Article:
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Abortion Pills



By: Jenny Qiang


Just after the Supreme Courts removed the legal right to abortion in the United States, nearly 100 applications were submitted to Just the Pill, a non-profit organization that distributes abortion pills. The majority of the appointment requests came from patients in states where their rights had been removed. The organization received around four times its average daily appointment request number. Because abortion is no longer legal in the United States, pregnancy-ending pills are growing in popularity.


Abortion pills will be used even more frequently following the overturning of Roe v. Wade. Abortion pills have already been used in more than half of recent abortions in the United States. Given that nearly half of the states have removed the legal right to abortion, legal battles are bound to unfold.


The medication method is used in the first ten weeks of a pregnancy, and includes taking two drugs, 24 to 48 hours apart. This is to cause contractions to remove the fetus. Many patients choose this option because it is cheaper and more private.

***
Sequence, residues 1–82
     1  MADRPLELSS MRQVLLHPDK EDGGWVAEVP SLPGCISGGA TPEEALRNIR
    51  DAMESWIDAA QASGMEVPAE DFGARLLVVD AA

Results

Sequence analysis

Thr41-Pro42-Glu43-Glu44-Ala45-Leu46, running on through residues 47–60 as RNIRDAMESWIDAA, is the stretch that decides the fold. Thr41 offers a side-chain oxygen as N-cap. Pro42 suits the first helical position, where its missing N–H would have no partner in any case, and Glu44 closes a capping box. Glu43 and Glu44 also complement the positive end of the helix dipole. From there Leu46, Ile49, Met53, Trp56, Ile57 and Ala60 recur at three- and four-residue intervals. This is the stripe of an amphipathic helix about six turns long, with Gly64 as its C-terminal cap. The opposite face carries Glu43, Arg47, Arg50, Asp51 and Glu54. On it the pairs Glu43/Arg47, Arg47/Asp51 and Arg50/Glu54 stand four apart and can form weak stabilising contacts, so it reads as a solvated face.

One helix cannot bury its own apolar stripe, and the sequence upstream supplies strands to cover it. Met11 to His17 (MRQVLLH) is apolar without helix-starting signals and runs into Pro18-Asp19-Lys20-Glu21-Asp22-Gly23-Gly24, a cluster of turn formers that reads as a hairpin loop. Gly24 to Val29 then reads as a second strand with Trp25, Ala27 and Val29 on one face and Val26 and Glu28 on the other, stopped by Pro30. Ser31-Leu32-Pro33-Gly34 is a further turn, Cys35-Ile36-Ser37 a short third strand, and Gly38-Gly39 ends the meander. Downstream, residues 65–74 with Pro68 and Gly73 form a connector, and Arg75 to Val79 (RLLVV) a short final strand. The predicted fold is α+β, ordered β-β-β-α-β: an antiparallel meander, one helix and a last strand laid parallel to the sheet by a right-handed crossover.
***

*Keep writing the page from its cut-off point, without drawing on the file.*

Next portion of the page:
Since October 2020, Just the Pill has conducted more than 2,500 online doctor consultations to send abortion pills to patients in Colorado, Minnesota, Montana, and Wyoming. It plans to start providing extended service by parking at Colorado state borders to provide abortion counseling to people in nearby states.


According to Dr. Amaon, doing business at the state line will make travel for patients who reside in areas with strict restrictions easier. “By moving beyond a traditional brick-and-mortar clinic, our mobile clinics can quickly adapt to the courts, state legislatures, and the markets, going wherever the need is.”


There are several unanswered questions regarding how states that have banned abortions will manage to enforce their laws in the cases of abortion pills. As President Biden hurried to react to the court ruling, two cabinet members issued statements promising to keep the right to take abortion drugs that had been approved by the federal government.


Most states that have banned abortion have targeted those who assist patients, not the patients themselves. Professor Ziegler suggested that this may change with regard to cases where the abortion occurs outside state lines, as "there may be absolutely no one else in that state to go after but the patient."

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